-- An Iowa teen received a touching 18th birthday gift last month: a time capsule filled with letters penned almost two decades ago by loved ones.
"Abby had no idea that this existed," mom Susie Van Metre of Cedar Rapids, Iowa told ABC News today. "She was moved to tears. That's the best way for me to put it. She even said, 'This is the most precious gift that you could've given me and I will always love it.'"
In Sept. 1999, Van Metre and her husband Kent were brainstorming gift ideas for their daughter Abby's upcoming 1st birthday.
"We were getting ready for the new millennium and people were talking about making time capsules and my husband and I said, 'Well we don't need a lot of presents for a 1-year-old' and my grandparents were still alive at the time," Van Metre said. "What a neat gift to have these people who love her, write her these letters and store them away?"
The Van Metres gathered 30 letters written by themselves, grandparents, great-grandparents, aunts, uncles and friends and closed them inside a box for 18 years.
For her birthday on Sept. 22, Abby's parents recorded the moment she was given a gift that she knew nothing about. The teen cried as she read the letter from family members that have since passed on, including one from her grandfather who died five years ago and a letter from her late Uncle John.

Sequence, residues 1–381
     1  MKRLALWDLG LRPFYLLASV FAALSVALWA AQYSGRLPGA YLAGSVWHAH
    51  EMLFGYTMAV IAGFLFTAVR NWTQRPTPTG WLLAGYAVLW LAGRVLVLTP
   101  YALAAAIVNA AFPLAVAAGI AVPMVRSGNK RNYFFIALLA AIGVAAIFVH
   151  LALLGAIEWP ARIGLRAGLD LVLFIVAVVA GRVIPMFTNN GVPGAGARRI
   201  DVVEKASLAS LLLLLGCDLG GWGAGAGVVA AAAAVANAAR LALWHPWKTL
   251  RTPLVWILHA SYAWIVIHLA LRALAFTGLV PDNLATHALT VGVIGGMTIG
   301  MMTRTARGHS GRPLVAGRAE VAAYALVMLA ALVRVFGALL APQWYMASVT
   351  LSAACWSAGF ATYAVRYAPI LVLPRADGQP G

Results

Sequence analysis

"It was emotional for my husband and I too because we never looked at any of the letters, we just sealed them up and put them in there," Van Metre said. "The letter from my brother and the letter from her grandpa made her sob. [From grandpa] it said, 'I might not be with you here when when you are 18, but I'll always be with you spiritually, just not physically.'"
"When she opened the letter from the people that had passed away, they were all handwritten," she said. "When you see their handwriting, it kind of takes your breath away."
In addition to the letters, there were mementos from the year that Abby turned 1 year old so she could understand what was going on the world at the time, things like newspaper clippings, receipts with grocery prices and a DVD to show what "new technology" was back then.
"There was a letter printed from an email because it was also a relatively new form of communication, which she thought was hilarious," Van Metre said.
Abby Van Metre told ABC News that she was surprised by the "incredibly thoughtful" gift from her mom and dad.
"My first thought was ‘Wow, I’m so lucky' and my second thought was, ‘I’m getting to have another conversation with these people that I thought I was never going to be able to speak to again,’” Abby said. “It was just beautiful.”
Abby's parents gave her the time capsule now, since she'll be leaving for college next year.
Her 14-year-old sister Holland also has the same gift waiting to be opened when she turns 18, Van Metre said.